Furthermore, extended families seem to have a healthier lifestyle than that of nuclear families. The main point focuses on the idea that the happier and healthier a family is, the less likely the children will grow to commit offenses. Bad parenting falls under this idea. Parents who abuse, neglect, and communicate poorly with their children will more likely raise a child who will be involved in criminal acts. Household abuse also tends to work in a cycle. If a child is abused then he or she will more likely be at risk of abusing his or her future children. Studies also show that parents who are involved in criminal offenses are more likely to have juvenile delinquents because children learn from their parents.
Thus, abuse and delinquent behavior correspond with each other. Additionally, if the child has a delinquent sibling, that also increases the risk of delinquent behavior in themselves. In addition, genetics plays a role on delinquent behavior, which partly explains why siblings have influence on one another. Peers and peer groups on the other hand also play a big role in the outcome of children’s behavior. First off, statistics show that the earlier a child matures, the chance of them being involved in delinquent behavior increases. The maturity level of a child also has an impact on the type of friends he or she will associate themselves with. When it comes to status, the more popular a child is, the more influence he or she will have on the other members of a peer group.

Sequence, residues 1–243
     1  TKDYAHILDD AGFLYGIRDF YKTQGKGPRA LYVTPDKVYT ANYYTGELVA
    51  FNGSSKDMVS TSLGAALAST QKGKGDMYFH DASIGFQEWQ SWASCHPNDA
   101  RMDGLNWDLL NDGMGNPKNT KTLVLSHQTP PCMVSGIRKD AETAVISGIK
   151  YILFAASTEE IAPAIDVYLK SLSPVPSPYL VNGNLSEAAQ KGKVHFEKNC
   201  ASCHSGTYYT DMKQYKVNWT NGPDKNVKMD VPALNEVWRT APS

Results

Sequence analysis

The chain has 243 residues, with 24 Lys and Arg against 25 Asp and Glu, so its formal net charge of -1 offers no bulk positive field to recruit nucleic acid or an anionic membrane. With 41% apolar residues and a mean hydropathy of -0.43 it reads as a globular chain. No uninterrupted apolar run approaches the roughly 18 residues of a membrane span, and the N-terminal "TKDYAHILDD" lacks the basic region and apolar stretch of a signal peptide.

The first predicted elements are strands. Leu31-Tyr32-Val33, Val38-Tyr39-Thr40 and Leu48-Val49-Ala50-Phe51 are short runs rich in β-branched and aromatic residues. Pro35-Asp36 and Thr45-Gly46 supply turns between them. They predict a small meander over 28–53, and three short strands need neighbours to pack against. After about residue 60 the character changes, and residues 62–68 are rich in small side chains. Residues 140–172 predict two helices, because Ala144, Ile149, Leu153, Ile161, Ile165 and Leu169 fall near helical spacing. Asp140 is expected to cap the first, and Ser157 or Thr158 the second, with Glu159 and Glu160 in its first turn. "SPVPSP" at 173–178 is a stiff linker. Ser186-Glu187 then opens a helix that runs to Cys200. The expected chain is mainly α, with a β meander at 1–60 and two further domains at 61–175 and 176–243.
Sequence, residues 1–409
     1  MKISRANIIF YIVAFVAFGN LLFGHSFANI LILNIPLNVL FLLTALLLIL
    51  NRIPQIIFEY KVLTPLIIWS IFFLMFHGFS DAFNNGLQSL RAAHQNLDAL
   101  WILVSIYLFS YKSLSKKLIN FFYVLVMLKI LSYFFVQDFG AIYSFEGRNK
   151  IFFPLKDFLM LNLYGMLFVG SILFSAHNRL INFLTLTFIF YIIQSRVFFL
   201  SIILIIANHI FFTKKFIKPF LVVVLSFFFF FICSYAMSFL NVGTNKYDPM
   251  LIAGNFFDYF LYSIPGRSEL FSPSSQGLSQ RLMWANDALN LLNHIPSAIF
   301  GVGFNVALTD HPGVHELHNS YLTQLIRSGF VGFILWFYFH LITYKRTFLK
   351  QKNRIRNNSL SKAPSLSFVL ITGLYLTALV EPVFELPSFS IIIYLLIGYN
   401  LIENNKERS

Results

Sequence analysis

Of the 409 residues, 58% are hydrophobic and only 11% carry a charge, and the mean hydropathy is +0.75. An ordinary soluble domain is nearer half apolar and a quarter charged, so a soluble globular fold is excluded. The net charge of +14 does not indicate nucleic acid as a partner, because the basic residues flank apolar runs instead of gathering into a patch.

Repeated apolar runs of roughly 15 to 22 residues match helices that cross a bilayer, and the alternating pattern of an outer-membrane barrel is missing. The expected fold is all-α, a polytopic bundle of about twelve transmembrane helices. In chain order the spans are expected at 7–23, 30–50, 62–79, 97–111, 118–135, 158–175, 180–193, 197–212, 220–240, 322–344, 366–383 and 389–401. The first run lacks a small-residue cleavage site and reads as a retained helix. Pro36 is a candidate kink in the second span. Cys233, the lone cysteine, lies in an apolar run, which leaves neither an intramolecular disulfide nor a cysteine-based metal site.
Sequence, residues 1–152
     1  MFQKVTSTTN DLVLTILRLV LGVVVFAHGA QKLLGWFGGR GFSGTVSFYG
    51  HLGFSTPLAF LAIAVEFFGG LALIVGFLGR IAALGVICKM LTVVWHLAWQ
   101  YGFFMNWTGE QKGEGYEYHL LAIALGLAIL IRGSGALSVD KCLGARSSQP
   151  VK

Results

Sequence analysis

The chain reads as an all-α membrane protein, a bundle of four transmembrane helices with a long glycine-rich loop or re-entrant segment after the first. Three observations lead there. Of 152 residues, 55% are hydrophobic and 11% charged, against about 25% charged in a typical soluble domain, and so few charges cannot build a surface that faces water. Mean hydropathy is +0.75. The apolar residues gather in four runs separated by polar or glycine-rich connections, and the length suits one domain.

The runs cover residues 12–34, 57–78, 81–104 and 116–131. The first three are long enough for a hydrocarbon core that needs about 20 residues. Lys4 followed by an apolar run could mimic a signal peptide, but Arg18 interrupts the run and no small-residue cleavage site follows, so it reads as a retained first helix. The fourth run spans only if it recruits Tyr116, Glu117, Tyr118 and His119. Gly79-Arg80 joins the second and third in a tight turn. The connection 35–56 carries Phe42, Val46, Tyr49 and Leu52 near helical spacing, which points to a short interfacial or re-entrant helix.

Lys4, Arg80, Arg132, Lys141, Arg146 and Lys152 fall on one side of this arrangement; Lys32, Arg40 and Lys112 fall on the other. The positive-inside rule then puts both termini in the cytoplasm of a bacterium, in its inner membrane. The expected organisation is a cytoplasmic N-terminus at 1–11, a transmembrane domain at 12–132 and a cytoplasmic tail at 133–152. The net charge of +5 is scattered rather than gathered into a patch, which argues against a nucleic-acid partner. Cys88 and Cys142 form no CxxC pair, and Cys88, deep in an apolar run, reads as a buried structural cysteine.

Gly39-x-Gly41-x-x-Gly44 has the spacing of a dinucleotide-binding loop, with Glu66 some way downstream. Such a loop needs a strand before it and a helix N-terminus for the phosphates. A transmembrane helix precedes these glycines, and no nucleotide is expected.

If that individual happens to have a criminal record, then the other members of the peer group will probably get involved in delinquent behavior themselves. There are different theories that explain why a delinquent may or may not choose to associate with a certain peer group. When looking at the labeling theory, delinquents will only interact with other delinquents. This idea shows that the delinquent children will not have much effect on good kids. But on the other hand, the social learning theory gives the idea that Delinquents purposely want to lure good kids into doing bad things. Those delinquents purposely join peer groups that have law abiding children. So the potential of delinquents having an impact on others is probable.
Gangs obviously influence delinquent behavior. A gang is partly defined as a group of individuals who involve themselves in bad behavior. Why do kids agree to join gangs in the first place? There are a few explanations directed towards this question. Young adults who already have criminal records may join a gang in order to continue there bad behavior. Also, gang members may influence and give positive reinforcement to others in order to encourage delinquent behavior. Gang members often choose wisely as to who they want in their group. According to the Enhancement hypothesis, they do so in order to heighten criminality. They often make new members take part in dangerous rituals which gives the new members a chance to prove their capabilities. Studies show different reasons as to why Juveniles may take part in gangs.